Political science addresses how individuals and groups organize, allocate, and challenge the power to make collective decisions involving public issues. The goal of the major is to enable students to think critically and analytically about the agents, incentives, and institutions that shape political phenomena within human society. The subfields of political philosophy and analytical political theory (which includes the study of both qualitative and quantitative methodology) support the acquisition of the lenses through which such thought skills can be enriched. The subfields of American government, comparative politics, and international relations, in turn, allow students to reinforce and refine those skills, while also promoting their application to a wide variety of contexts, whether contemporary or historical. Students may also construct interdisciplinary curricula, which allows them to apply the approaches of the discipline to a topic for which a more complete understanding also involves approaches gleaned from other disciplines.
Students in the Class of 2025 and previous classes With the approval of the director of undergraduate studies (DUS), the following changes to the requirements of the major may be fulfilled by students who declared their major under previous requirements.
Requirements of the Major
Students following the standard B.A. degree program must take twelve term courses. These courses include: at least two introductory courses (i.e. bearing numbers between 101 and 119); at least one course designated as belonging to the methodology and formal theory subfield; at least two non-introductory lectures designated as "core"; at least two classes in each of any two of the department's subfields (other than methodology and formal theory)—international relations, American government, political philosophy, and comparative politics; at least two seminars, including at least one during their senior year.
All students, regardless of their graduating year, may also take courses related to political science that are offered by other departments. Students who elect the standard program may petition to count up to two such courses toward the major. Students may routinely count Residential College Seminars taught by members of the Political Science faculty toward the major, and they may petition to count one Residential College Seminar taught by an instructor outside the department. Students who have completed Directed Studies may, with the approval of the director of undergraduate studies (DUS), count one term of DRST 005 or DRST 006 toward the major.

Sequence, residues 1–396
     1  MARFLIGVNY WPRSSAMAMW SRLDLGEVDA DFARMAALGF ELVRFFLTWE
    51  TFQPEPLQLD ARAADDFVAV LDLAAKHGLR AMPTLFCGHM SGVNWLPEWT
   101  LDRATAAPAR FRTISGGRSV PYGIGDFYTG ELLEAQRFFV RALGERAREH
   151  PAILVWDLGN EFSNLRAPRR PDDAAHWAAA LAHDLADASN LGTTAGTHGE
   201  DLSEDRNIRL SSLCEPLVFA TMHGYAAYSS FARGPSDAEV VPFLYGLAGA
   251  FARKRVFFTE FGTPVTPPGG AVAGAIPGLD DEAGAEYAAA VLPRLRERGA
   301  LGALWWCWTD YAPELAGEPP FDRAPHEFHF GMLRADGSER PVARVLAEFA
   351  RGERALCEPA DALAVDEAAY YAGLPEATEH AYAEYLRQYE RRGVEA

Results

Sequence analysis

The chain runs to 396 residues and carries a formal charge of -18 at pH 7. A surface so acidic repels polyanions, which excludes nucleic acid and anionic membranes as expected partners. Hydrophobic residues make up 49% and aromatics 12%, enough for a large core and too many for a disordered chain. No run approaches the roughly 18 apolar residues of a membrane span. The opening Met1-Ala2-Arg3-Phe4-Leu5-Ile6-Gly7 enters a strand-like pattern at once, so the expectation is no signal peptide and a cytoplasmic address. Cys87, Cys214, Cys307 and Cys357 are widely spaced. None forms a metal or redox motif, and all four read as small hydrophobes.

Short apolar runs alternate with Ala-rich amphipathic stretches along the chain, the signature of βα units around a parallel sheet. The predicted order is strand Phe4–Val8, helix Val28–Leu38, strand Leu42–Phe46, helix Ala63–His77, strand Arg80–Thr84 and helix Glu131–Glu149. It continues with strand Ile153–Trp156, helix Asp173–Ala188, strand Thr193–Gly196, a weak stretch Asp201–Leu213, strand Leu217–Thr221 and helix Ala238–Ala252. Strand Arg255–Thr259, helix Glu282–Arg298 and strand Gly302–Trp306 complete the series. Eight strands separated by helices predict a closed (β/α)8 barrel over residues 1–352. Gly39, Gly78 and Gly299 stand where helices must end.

Students following the standard B.A. degree program, interdisciplinary concentration are allowed to identify and pursue an area of study that crosses conventional disciplinary and departmental boundaries. Examples of interdisciplinary concentrations include (but are not limited to) urban studies, health politics and policy, political economy, political psychology, or a focus on the politics of a given global region informed by the study of the history and society of that region. Students choosing an interdisciplinary concentration are required to take twelve term courses toward the major. At least seven courses must be in the field of concentration. Of the courses counting toward the major outside of the field of concentration, at least two courses must be taken in each of any two of the department's five fields. As many as three courses taken in other departments may be counted toward the major, with the permission of the DUS. Note: students who choose the interdisciplinary concentration must fulfill the introductory course requirement, the core lecture requirement, the methodology and formal theory subfield requirement, and the seminar requirement as described for the standard degree program.
Students wishing to pursue the Political Science major with an interdisciplinary concentration must submit an application, which is due prior to the beginning of the November recess in the student's final year of enrollment. Students should also meet with the DUS to discuss their proposed program of study in their sophomore or junior year.
The intensive major The intensive major gives students an opportunity to undertake more extensive coursework and research for the senior essay than is possible in the standard major. Requirements for the intensive major are identical to those for the standard program or interdisciplinary concentration, with the following exceptions: (1) in the spring term of the junior year, intensive majors take PLSC 474 in preparation for writing a yearlong senior essay; (2) in the senior year, intensive majors fulfill the senior essay requirement by enrolling in the yearlong course sequence PLSC 490 and PLSC 493 (PLSC 490 also counts toward the senior seminar requirement); (3) a total of fifteen term courses is required.
Juniors wishing to pursue an intensive major must apply to the DUS. The application should contain: (1) the intensive major application form signed by a faculty adviser who has agreed to supervise the student for the final three terms of enrollment; (2) a plan of study that identifies the political science courses that will be taken in those three terms; and (3) a one-page description of the proposed senior essay.
Seminar requirement Students majoring in Political Science are required to take at least two seminars taught by members of the Political Science department, including at least one during the senior year.